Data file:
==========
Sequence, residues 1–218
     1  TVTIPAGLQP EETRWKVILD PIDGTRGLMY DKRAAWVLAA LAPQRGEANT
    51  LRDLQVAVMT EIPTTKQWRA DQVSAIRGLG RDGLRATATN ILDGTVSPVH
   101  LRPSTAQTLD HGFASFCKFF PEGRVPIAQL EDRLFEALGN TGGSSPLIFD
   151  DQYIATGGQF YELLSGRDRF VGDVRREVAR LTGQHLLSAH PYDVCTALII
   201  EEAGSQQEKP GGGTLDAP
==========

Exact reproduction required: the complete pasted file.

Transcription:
Sequence, residues 1–218
     1  TVTIPAGLQP EETRWKVILD PIDGTRGLMY DKRAAWVLAA LAPQRGEANT
    51  LRDLQVAVMT EIPTTKQWRA DQVSAIRGLG RDGLRATATN ILDGTVSPVH
   101  LRPSTAQTLD HGFASFCKFF PEGRVPIAQL EDRLFEALGN TGGSSPLIFD
   151  DQYIATGGQF YELLSGRDRF VGDVRREVAR LTGQHLLSAH PYDVCTALII
   201  EEAGSQQEKP GGGTLDAP